Saturday Seven: My Favourite Langston Hughes Poems

Saturday Seven is hosted by Long and Short Reviews.

 As I mentioned several weeks ago, once a month I’ll use a Saturday Seven post to talk about a poet that I like. Emily Dickinson was the poet I talked about in March, and Langston Hughes is my choice for April.

Langston Hughes was one of the leaders of the Harlem Renaissance in the 1920s, and he also invented an entirely new style of poetry called jazz poetry that has influenced generations of writers and other creative folks.

His writing style was conversational. The poems he wrote often sounded like something friends might say to each other over a cup of coffee or while playing cards.

I also love the fact that he wrote about black, working class people, a portion of the population that was generally ignored altogether by literary circles when he was alive.

Since Mr. Hughes lived until 1967, the copyrights on his poems have not yet expired. I’ll be sharing brief excerpts from them and then linking to a site where you can read the entire poem.

1. From Harlem:

What happens to a dream deferred?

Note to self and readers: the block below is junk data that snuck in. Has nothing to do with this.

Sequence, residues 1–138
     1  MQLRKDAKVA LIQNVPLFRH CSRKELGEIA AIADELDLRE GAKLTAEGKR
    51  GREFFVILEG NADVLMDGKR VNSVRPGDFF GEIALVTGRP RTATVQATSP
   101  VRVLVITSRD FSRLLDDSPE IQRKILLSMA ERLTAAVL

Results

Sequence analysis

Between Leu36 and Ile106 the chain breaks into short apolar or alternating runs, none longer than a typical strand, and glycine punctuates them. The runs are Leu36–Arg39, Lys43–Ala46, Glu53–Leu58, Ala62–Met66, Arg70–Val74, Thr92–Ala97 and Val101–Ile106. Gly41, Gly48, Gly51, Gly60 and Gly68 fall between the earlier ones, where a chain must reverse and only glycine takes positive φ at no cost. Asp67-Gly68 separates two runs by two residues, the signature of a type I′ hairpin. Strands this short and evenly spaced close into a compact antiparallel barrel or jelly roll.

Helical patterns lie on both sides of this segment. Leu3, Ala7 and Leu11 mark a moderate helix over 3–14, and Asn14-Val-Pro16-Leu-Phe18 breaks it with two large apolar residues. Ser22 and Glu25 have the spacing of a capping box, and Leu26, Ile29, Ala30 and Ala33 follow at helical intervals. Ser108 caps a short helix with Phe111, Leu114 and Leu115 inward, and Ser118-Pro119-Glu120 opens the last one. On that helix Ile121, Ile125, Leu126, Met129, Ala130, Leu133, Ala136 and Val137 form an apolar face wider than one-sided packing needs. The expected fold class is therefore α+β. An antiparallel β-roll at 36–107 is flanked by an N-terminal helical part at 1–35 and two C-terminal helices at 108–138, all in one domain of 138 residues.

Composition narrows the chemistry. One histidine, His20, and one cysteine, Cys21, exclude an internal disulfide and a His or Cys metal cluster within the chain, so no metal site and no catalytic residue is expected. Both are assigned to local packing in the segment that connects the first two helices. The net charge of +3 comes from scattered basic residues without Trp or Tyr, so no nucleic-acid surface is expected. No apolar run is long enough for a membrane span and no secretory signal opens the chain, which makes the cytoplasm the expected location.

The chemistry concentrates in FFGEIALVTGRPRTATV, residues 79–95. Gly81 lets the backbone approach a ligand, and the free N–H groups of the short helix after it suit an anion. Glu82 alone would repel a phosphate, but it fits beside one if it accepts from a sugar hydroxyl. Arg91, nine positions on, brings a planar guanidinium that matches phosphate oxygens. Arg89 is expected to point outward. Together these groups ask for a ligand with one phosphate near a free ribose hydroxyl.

Does it dry up
      like a raisin in the sun?
My name is Johnson—
Madam Alberta K.
The Madam stands for business.
I’m smart that way.
3. From Mother to Son:
Well, son, I’ll tell you:
Life for me ain’t been no crystal stair.
It’s had tacks in it,
And splinters,
I looked and saw
the man they called the Law.
Oh, I wish that yesterday,
Yesterday was today.
Yesterday you was here.
Today you gone away.
Babies and gin and church
And women and Sunday
All mixed with dimes and
Dollars and clean spittoons
I’ve known rivers:
I’ve known rivers ancient as the world and older than the flow of human blood in human veins.
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8 Responses to Saturday Seven: My Favourite Langston Hughes Poems

    • Hi Lisabet,

      Raisin in the Sun is probably Hughes’ best-known poem, and for good reason. Isn’t the imagery in it fantastic?!

      I used to write poetry years ago, but I haven’t written anything new in ages. Your comment makes me wonder if I should take that hobby up again.

  1. I think his poetry is more “reachable” to common folk. There are times I read poetry and it’s so far out there I don’t even understand it. What’s the point then? His is just words, strung together magically, that still just make sense. Great choice!

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